Primate center study finds connection between fatty livers and stillbirths

The typical high-fat American diet may be responsible for increased stillborns and serious birth defects regardless of whether pregnant women are themselves obese or slender, according to a new animal study at Oregon Health and Science University's National Primate Research Center.

The findings, published in the June issue of the medical journal Endocrinology, are the result of an experiment in which pregnant macaque monkeys were fed either a diet comprised of 32 percent of calories from fat or a diet in which only 14 percent of calories came from fat.

The 32 high-fat diet pregnancies resulted in eight stillborn monkeys. The 26 balanced-diet pregnancies produced one stillborn. In addition, all of the fetuses from the high-fat diet pregnancies had fatty livers, a condition implicated in obesity and diabetes later in life.

Obesity in moms has previously been associated with a variety of birth problems, but the new study narrows the connection further to diet and provides a medical explanation. Lead researcher Antonio Frias, assistant professor of obstetrics and gynecology at OHSU, says that the higher fat diet was associated with a decreased blood flow from the mother to the fetus through the placenta. That blood carries nutrients necessary for the fetus to properly develop.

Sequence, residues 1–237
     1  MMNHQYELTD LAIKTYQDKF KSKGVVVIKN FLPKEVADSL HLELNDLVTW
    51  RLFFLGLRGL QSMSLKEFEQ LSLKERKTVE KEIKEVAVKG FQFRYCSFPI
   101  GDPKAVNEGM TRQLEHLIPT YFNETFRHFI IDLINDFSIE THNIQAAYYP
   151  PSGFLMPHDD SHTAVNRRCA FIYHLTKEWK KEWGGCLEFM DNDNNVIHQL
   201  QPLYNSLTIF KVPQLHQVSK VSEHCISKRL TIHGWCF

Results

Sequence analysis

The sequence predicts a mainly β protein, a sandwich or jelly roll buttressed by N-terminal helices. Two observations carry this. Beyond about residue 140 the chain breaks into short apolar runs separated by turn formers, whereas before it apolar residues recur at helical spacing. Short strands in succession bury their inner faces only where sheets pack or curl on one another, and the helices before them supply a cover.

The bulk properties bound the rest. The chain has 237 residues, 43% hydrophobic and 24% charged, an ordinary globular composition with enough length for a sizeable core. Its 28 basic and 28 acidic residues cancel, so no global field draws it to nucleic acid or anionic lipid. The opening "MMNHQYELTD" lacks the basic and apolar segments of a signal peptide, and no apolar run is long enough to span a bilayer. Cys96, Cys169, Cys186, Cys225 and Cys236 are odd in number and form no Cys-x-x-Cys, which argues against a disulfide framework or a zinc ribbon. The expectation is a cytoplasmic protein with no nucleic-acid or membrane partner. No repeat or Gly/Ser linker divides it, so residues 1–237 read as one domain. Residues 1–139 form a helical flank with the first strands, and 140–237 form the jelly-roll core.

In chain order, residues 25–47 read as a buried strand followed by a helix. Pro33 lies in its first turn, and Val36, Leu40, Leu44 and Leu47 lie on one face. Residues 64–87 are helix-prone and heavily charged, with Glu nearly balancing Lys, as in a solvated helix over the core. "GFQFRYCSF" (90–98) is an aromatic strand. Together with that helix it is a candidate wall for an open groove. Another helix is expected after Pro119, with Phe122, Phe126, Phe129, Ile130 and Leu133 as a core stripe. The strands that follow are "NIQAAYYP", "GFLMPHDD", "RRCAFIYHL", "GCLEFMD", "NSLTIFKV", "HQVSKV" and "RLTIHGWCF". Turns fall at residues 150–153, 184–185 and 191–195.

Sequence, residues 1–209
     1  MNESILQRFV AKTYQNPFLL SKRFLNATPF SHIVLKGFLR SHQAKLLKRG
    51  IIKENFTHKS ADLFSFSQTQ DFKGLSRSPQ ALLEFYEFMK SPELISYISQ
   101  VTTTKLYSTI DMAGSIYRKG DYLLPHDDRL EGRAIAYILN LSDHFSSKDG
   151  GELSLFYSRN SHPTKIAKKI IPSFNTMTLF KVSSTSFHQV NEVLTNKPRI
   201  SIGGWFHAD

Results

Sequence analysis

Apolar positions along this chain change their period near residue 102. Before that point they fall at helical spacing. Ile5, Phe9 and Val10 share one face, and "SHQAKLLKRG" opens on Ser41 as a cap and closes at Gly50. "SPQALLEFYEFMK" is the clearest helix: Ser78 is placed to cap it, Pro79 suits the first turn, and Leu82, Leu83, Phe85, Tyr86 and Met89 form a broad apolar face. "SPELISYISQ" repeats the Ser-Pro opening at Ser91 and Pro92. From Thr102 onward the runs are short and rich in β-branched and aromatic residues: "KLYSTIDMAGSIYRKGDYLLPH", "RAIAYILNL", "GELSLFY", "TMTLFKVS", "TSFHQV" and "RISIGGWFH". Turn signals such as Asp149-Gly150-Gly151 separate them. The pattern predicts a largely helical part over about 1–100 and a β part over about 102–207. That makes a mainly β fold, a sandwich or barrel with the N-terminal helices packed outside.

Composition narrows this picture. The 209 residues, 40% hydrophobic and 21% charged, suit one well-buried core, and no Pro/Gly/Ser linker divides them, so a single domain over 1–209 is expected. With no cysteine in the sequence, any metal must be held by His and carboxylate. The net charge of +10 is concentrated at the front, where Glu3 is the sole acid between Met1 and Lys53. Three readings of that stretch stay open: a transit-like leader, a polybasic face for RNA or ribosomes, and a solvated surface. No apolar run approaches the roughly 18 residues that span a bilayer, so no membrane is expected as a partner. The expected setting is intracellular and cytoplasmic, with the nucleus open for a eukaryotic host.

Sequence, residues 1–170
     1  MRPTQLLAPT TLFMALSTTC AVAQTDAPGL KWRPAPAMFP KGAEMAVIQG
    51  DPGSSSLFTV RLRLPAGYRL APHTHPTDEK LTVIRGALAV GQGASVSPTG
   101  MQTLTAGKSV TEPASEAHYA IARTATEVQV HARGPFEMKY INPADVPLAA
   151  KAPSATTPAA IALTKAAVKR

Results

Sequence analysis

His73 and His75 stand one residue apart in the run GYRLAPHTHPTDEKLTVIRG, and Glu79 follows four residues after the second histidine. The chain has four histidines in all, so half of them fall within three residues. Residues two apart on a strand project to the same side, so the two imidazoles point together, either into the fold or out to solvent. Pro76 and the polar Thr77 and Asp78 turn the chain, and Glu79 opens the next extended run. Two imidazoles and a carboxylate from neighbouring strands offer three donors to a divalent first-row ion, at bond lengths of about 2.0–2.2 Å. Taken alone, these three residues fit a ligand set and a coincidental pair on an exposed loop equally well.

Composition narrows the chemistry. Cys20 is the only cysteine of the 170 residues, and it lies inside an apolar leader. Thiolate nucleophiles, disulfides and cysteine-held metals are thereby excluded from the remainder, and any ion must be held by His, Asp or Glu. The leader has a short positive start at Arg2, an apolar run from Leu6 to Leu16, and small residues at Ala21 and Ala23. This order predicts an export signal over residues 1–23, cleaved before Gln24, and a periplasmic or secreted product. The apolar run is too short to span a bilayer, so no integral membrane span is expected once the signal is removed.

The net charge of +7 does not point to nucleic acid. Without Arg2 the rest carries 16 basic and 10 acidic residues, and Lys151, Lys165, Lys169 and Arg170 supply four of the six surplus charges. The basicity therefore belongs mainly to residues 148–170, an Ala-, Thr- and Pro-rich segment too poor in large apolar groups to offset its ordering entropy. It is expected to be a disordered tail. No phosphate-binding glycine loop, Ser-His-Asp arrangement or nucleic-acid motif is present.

Monkeys on the high-fat diet decreased the blood flow through the uterus anywhere from 38 percent to 56 percent, and also saw a rise in placental inflammation, also associated with birth problems. The effect held true both for obese maternal monkeys and slender monkeys fed the high-fat diet.

Frias says the study sheds light on an important and disturbing trend that pediatricians have been confronting.

'We're seeing fatty liver in children,' he says. 'Fatty liver is something that's seen in alcoholics. That's something that was very uncommon before (in children). What we found (in the study) is these juveniles on a high-fat diet were born with fatty livers and insulin resistance that puts them at risk for obesity and diabetes during their lifetime.'

Frias says the study should serve as a warning for women.

'Your in utero environment is important in programming the fuels you use,' he says. 'I think the take home message is, if you're pregnant, making healthy food choices will be good for mom, will be good for the pregnancy and may decrease the risk of childhood obesity and metabolic problems.'

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